Sir B. Wiggins, late of this parish, had become famed for riding his bicycle better than others. His achievements are to be respected as he has out ridden the best in the world to win races that are both physically highly demanding and require not only individual skills but the ability to one of a team.
Quite why sportsmen and women of this ilk are given one of HM honours is a puzzle. The UK honours system is recognised as one of the most corrupt and questionable in the world, just look at Parliament and the Houses of Commons and the Lords. Sports should have their own honours system, as do some states, with an equivalent ranking in society.
The reasons why Bradley, oops, Sir Wiggins, is now under the cosh are twofold. One is his medication caught between the upper and nether millstones of the rules, or rather the gear changes. It seems he is asthmatic, as are many, for which medication is needed. This under the rules is legitimate.
But as this is cycle racing where breath control etc. is critical, it means that he does not race in his natural condition, coughing and wheezing, but with his pipes cleared. A three week race, such as the Tour de France, or the shorter ones over fewer days demand that the rider needs a clear chest.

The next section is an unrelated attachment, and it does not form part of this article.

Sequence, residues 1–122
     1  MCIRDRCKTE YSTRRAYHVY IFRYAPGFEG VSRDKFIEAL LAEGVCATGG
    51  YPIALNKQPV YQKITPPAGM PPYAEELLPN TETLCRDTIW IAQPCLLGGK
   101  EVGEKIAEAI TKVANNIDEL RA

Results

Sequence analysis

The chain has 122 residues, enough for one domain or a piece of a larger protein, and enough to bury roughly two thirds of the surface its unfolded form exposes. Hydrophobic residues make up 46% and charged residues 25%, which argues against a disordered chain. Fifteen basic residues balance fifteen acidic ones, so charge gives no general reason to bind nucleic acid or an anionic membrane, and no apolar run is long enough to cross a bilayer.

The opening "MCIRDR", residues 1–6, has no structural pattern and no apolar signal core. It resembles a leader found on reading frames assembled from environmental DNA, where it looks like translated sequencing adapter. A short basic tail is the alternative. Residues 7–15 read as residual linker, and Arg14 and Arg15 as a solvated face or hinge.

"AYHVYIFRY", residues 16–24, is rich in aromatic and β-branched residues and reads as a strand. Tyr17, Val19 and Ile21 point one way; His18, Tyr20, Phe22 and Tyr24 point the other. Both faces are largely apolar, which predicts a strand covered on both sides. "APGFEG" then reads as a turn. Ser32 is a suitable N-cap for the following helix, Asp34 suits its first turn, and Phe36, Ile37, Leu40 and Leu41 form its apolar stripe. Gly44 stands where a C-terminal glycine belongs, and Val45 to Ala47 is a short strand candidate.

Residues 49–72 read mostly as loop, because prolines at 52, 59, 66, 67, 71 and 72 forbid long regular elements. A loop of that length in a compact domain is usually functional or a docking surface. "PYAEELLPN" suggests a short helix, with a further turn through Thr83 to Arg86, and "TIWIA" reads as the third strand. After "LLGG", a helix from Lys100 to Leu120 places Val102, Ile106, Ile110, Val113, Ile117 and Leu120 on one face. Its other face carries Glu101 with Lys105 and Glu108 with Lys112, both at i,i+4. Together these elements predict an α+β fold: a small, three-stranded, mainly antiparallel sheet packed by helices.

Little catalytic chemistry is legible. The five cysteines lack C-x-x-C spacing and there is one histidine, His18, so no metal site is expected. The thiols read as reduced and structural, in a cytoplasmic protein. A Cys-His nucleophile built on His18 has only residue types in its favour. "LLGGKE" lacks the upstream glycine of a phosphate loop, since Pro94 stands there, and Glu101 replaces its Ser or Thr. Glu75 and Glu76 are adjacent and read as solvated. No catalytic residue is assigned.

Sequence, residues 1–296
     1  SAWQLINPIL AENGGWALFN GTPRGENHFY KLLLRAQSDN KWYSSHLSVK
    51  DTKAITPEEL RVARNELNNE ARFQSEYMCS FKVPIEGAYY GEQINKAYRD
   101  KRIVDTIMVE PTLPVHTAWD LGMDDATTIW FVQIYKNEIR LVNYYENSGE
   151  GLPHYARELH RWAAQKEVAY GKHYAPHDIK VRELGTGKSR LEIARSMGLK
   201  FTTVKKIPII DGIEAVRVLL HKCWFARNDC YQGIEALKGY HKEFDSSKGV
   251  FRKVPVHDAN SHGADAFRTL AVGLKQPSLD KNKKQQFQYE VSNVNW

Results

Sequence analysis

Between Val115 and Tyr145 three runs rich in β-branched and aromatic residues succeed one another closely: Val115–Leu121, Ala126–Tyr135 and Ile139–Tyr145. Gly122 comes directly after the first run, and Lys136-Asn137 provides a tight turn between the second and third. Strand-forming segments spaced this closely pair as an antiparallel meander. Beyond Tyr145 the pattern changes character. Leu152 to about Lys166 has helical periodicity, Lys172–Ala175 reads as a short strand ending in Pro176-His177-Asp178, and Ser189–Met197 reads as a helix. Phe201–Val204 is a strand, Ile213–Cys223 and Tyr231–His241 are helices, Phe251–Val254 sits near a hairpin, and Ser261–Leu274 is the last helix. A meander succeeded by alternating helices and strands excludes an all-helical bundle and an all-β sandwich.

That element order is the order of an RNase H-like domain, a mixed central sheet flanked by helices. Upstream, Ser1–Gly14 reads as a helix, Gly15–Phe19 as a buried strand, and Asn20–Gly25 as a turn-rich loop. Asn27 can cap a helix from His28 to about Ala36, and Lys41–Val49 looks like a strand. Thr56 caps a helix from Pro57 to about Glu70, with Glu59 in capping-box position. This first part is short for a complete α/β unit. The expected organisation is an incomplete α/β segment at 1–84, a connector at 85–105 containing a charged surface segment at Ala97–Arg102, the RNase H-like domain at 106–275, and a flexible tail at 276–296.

So he is damned if he does not take medication but according to some damned if he does. In the meantime in recent years we have been going to a lot of trouble to create the chance for the disabled to take part in sports, one way or another. There is no simple answer to this.
A sportsman's time for fame and fortune is usually a short one. You have to stack up the money, curb your expenses and make sure the right investments are made. For cyclists there are few major areas of media interest in the sport to give ongoing high pay and rewards.
So Sir Wiggins, not having a Ph.D in commodity trading etc. has to rely on others is making sure that his forty to fifty years of retirement can be in comfort and secure. Which brings the tax man knocking at the door, in the case of high paid sportsmen with a big stick.
What will he be advised to do? If they are doing the job they are paid for he will be told to set up a series of business arrangements based in places with low tax regimes.
Some may be islands you could ride a cycle round in a couple of hours or so in hot conditions. Another may have a lot of mountain passes that would make any cyclist wince and do in the cycling season.
The rights and wrongs of this, currently a major debate, lead to people suggesting that Sir Wiggins shrug his shoulders, cough up to the UK Treasury and fork out at the highest rates possible.
Think of the benefits that would give. It would pay the expenses of the members of the House of Lords, all those financiers, for up to several days.
Must go, time to call for a taxi.